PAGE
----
Neurotrophin hypothesis of depression was originally formulated in 1997 by Duman, Heninger and Nestler. Stress induced aberrations in neural plasticity is thought to result in depression. This is reflected in lower BDNF . Antidepressants increase the BDNF levels and correct this aberration. In 2002 , low BDNF was shown in depressed patients (Karege et al. 2002). In 2003, an increase in BDNF with antidepressant treatment was demonstrated (Shimizu et al 2003). Meta analysis have confirmed these observations.
Molendijk et al report current state of knowledge by a new meta analysis . From 55 studies, they extracted 124 between-group effect- size estimates and 55 correlation coefficients.
Antidepressant-free depressed patients had lower BDNF concentrations as compared with healthy controls (d= 0.71, 95% CI = -0.89 to -0.53). Heathy controls and antidepressant treated groups did not differ in BDNF levels. Higher symptom severity was associated with a lower BDNF levels in untreated patients.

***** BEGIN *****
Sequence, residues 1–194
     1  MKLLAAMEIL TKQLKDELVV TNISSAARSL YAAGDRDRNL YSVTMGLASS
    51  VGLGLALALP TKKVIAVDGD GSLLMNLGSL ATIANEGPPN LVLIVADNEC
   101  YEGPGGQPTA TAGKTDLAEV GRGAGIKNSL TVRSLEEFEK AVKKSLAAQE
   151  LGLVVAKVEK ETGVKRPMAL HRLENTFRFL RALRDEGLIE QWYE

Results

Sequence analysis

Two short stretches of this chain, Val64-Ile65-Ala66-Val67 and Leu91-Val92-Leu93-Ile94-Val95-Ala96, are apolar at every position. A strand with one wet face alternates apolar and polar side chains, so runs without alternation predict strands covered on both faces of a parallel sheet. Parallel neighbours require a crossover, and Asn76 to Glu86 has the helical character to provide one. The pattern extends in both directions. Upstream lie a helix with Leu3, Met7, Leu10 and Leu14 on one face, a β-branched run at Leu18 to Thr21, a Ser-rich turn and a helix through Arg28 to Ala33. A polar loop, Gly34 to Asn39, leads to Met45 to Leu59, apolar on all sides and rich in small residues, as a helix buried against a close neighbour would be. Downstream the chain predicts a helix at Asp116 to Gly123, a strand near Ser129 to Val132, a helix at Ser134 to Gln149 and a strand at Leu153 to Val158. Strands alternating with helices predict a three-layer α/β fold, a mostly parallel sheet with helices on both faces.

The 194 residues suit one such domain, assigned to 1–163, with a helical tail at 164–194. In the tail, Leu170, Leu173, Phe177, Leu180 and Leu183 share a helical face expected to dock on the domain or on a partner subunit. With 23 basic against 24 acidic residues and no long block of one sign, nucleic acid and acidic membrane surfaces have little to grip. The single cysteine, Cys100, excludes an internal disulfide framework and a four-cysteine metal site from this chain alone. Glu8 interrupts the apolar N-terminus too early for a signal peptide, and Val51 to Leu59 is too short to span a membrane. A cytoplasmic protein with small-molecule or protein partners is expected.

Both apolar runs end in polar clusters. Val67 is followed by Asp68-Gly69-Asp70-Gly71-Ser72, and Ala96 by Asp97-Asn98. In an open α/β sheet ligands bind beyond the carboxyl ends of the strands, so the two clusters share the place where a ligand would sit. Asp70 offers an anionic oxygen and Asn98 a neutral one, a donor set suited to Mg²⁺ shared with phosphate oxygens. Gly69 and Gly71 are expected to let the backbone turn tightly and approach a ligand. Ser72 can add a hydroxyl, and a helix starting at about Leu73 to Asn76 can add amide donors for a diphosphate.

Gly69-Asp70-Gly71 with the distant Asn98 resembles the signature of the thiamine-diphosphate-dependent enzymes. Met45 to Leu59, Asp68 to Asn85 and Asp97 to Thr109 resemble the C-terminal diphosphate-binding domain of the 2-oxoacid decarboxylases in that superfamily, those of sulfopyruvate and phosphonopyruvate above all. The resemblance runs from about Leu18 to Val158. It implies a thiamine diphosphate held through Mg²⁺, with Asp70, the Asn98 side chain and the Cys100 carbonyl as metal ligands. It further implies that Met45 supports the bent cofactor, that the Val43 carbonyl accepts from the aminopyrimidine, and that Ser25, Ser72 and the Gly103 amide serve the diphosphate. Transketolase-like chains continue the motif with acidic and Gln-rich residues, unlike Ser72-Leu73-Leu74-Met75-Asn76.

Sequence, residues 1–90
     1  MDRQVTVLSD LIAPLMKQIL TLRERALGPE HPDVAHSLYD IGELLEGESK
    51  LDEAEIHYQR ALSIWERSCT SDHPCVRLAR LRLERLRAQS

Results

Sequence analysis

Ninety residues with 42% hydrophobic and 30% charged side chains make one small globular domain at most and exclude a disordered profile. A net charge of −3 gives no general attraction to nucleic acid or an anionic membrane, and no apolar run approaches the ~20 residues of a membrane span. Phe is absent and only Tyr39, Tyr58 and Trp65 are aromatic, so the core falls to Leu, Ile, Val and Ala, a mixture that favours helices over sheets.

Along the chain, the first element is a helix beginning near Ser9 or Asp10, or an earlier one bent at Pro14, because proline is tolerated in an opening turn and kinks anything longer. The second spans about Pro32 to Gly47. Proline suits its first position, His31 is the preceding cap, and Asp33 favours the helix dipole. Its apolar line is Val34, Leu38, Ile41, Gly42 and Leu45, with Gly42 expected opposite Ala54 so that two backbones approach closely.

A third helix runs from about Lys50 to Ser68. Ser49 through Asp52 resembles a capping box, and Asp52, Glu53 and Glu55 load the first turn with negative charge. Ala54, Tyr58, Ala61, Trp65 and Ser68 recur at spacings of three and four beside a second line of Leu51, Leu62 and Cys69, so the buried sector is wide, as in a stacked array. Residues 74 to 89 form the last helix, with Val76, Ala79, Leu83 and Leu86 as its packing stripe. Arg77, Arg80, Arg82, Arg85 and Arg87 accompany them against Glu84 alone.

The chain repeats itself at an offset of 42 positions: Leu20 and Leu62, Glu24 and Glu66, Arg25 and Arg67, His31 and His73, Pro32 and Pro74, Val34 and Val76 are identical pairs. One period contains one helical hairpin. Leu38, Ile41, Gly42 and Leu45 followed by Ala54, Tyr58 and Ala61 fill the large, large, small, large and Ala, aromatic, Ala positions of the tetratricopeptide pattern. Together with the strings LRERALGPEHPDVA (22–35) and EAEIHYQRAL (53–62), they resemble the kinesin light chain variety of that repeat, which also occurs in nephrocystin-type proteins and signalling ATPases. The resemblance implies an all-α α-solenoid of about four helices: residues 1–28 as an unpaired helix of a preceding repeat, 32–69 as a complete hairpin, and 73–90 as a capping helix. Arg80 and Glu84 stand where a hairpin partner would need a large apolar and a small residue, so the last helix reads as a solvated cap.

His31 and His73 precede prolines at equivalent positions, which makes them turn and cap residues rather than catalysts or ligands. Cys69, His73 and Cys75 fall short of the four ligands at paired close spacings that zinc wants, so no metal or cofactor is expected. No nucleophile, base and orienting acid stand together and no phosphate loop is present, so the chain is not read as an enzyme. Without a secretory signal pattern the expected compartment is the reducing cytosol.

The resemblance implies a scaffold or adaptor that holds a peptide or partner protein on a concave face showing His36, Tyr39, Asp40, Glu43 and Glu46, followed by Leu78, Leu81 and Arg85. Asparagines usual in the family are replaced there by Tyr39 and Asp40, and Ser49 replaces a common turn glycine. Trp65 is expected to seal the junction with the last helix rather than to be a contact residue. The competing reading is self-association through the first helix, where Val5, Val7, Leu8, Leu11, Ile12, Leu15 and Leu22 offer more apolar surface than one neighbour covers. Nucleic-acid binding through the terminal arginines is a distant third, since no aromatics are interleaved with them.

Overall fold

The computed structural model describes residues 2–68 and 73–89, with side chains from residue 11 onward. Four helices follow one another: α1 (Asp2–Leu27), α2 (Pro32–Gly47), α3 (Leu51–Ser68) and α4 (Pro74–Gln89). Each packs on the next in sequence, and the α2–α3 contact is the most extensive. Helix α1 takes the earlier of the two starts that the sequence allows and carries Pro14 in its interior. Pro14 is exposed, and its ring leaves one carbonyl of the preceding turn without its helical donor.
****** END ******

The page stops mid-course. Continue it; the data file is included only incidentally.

Differences were still significant after correcting for publication bias.
The effects sizes are smaller than previous analysis , mainly due to adjusting for between-study heterogeneity and publication bias.
This analysis confirms that altered serum BDNF concentrations are peripheral manifestations of depression. Authors raise the possibility that BDNF cab used as a treatment biomarker helping us to predict the outcomes. Another interesting question: What is the difference between pro and mature BDNF as it is thought that they have opposing actions. Would the ratio tell us more about depression or treatment response ?
Summary of the article:
Molendijk ML, Spinhoven P, Polak M, Bus BA, Penninx BW, Elzinga BM. Mol Psychiatry. 2014 Jul;19(7):791-800.